As many readers likely know, the number of unemployed workers has approached the dismal numbers of the Great Depression. Although many workers believe that their jobs are still waiting for them, the reality is that those jobs are likely not there anymore. Even if the jobs remain, many workers will be shocked to learn that wages will be reduced along with work hours.
Bloomberg alluded to this reality on its article yesterday (Salaries Get Chopped for Many Americans Who Manage to Keep Jobs). Bloomberg points to anecdotal evidence that suggests companies are or will be reducing wages for returning workers. This will result in a continued depressed economy as disposable income will not be readily available. The American economy is largely run on disposable income like dining out and going to entertainment venues.
America’s workforce is about 20% service industry and it is the hardest hit of all the industries.
But the pain will be felt by almost all other workers. Reduced income trickles throughout society.
According to Bloomberg, companies are cutting salaries by about 10 to 15%. The Bloomberg article points out the phenomena of “sticky wages”. It is the idea that rather than lower wages, companies use the opportunity brought by financial distress to rid themselves of employees who they deem troublesome. Bloomberg labels this as “to get the misery out of the door.”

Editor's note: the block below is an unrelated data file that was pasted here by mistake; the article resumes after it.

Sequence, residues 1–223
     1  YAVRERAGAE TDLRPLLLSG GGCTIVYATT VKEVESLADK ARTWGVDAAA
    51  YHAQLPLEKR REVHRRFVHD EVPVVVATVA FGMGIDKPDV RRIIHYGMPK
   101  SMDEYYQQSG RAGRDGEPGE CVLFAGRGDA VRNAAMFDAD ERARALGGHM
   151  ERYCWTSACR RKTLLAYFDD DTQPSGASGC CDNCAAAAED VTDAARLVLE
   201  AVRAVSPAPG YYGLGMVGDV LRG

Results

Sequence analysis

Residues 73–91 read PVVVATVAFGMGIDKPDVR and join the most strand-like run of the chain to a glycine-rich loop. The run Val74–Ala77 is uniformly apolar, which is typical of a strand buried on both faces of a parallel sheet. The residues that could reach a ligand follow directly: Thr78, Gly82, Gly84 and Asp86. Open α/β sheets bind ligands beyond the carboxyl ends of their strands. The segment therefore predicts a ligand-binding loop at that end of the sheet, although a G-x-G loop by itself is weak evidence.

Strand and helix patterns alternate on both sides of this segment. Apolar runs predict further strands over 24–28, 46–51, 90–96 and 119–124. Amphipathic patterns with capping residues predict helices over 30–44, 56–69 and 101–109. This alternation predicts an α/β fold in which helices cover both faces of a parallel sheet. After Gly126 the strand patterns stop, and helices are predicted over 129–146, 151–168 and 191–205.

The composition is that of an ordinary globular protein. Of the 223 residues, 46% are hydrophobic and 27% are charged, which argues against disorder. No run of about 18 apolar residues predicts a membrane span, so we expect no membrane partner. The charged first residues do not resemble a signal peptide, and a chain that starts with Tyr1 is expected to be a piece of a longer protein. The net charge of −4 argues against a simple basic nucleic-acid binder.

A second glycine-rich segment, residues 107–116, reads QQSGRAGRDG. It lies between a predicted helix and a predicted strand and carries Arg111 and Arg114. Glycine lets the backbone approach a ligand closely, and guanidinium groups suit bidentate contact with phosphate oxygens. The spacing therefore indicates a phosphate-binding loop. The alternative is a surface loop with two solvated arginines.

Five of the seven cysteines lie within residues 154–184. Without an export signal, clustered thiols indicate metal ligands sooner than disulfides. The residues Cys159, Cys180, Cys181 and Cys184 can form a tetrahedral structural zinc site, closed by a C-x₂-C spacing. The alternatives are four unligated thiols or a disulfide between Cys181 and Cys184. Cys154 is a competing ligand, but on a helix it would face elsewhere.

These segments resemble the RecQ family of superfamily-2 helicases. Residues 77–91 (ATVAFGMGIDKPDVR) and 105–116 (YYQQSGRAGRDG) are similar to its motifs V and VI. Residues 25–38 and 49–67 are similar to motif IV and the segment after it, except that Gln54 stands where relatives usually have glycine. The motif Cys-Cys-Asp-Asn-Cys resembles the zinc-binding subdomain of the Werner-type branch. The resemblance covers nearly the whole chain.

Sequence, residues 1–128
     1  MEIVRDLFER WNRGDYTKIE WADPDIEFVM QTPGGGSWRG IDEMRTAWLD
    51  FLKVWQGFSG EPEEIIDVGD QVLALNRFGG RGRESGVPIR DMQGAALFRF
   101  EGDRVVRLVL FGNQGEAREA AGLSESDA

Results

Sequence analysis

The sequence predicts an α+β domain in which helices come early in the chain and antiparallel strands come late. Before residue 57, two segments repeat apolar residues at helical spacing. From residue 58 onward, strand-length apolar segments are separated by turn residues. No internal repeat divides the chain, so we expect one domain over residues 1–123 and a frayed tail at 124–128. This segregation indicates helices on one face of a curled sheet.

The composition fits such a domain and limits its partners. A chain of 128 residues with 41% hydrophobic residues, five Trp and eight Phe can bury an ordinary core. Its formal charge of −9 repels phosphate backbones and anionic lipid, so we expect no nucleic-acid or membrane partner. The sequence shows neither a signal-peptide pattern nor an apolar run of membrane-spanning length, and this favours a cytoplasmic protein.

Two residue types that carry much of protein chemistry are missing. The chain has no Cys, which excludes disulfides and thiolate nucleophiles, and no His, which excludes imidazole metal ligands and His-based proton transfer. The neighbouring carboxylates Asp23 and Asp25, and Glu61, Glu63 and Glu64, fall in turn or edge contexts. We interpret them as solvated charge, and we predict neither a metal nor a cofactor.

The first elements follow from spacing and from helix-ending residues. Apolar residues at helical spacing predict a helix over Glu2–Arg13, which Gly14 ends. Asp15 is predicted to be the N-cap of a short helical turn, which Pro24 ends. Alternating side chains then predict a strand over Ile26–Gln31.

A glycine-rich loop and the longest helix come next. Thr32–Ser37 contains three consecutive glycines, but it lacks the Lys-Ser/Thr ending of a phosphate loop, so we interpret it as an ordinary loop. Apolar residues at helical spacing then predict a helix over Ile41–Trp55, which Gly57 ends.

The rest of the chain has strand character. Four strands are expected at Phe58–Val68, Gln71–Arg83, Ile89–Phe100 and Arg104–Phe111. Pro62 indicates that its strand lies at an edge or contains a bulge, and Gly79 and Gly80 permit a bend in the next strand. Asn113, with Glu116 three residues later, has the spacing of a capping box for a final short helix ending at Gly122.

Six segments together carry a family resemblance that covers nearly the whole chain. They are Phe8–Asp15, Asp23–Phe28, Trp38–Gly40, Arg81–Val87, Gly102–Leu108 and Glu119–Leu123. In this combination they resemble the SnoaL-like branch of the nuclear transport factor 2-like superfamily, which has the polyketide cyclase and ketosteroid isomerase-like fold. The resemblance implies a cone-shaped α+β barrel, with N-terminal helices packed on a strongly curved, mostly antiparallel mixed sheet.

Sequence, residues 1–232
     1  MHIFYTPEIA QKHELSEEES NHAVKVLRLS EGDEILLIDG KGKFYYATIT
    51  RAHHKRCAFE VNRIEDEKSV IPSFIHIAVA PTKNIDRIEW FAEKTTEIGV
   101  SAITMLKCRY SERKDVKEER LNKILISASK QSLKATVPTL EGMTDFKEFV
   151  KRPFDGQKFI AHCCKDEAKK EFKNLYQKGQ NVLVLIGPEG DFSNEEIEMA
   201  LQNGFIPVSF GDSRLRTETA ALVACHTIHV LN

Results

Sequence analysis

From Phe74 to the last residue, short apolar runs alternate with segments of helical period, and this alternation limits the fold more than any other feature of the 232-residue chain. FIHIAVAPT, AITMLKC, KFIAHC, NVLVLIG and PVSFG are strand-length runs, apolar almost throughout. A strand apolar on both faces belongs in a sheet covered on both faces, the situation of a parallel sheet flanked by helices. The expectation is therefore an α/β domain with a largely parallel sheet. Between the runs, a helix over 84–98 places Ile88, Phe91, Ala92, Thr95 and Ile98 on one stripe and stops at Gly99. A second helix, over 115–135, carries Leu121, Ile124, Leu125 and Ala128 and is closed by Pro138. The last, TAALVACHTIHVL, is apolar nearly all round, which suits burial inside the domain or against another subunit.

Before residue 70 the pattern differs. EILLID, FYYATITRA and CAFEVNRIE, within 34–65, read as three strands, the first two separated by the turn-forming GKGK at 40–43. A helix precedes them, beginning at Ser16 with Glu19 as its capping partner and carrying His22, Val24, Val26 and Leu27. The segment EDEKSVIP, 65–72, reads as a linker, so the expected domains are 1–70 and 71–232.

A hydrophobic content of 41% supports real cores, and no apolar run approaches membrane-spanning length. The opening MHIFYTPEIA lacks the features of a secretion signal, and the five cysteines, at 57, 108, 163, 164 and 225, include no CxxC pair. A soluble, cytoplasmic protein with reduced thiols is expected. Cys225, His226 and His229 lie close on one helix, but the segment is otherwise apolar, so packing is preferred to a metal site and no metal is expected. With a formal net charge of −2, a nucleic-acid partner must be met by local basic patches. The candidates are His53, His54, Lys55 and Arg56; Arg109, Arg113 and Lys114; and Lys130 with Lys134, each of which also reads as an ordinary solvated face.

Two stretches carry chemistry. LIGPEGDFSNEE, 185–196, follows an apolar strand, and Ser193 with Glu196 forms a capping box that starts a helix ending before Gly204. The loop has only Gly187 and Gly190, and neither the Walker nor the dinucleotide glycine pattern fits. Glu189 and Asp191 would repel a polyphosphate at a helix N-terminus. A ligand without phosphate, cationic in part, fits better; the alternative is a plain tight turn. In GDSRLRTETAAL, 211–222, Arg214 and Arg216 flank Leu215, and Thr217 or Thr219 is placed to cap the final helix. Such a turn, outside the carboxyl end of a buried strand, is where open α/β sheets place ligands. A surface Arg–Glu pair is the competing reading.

The phenomena is that rather than cut wages, companies rid themselves of employees they do not want to keep. That is why wages largely remained stables during past recessions. They were incentives for the remaining employees to keep productivity up.
That is until the Covid-19 economic crisis.
Although Bloomberg does not argue this point, it seems like companies have decided to rid themselves of employees they want out the door while also reducing wages on those they want to keep. The pandemic makes it palatable.
Bloomberg quoted the CEO of El Paso-based Helen of Troy, Julien Mininberg, as stating in a recent earnings call with investors, that “our people supported this approach” of sacrificing wages to help continue “driving the business and keeping the company fully operational.”
Because of the pandemic led economic crisis, companies have found that workers are accepting wage cuts as “more palatable” because of the crisis. Without the pandemic, companies would have continued along the path of keeping wages stable while ridding themselves of workers. But the current economic crisis gives company owners the opportunity to cut wages and rid themselves of employees they no longer want.
Bloomberg ends its piece by quoting an assistant professor of economics at City University of New York, J.W. Mason, as stating that the “pay cuts are only going to make” the economy worse.
June remains the pivot point on whether the economy will bounce back this year, or much later.